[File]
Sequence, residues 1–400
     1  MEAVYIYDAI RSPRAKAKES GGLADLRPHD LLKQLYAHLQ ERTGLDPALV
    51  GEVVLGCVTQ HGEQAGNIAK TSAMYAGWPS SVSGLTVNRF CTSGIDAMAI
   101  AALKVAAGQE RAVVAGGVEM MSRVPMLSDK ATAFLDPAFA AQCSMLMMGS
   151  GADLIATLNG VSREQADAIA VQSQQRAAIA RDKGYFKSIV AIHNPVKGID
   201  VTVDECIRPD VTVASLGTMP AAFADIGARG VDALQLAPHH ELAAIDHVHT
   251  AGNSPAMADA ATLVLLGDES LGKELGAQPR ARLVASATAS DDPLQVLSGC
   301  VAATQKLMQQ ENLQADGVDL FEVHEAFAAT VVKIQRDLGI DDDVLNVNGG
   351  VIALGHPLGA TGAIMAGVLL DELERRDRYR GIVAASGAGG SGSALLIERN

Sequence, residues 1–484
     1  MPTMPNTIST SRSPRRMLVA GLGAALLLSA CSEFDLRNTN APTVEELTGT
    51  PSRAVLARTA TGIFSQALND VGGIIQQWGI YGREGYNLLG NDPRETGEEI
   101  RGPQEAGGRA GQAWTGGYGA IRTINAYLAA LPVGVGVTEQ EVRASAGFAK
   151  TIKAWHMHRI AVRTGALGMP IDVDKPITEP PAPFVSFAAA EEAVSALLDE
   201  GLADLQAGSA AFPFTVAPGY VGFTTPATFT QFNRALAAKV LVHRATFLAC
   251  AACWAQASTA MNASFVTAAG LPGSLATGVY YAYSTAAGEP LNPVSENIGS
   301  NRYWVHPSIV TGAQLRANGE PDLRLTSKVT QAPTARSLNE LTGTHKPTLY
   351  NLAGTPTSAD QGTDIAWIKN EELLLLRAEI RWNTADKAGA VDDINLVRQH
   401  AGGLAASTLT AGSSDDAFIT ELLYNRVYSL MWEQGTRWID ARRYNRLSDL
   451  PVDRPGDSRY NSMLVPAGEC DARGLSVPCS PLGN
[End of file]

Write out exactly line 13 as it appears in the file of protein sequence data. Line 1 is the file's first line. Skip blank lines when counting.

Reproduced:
   101  RGPQEAGGRA GQAWTGGYGA IRTINAYLAA LPVGVGVTEQ EVRASAGFAK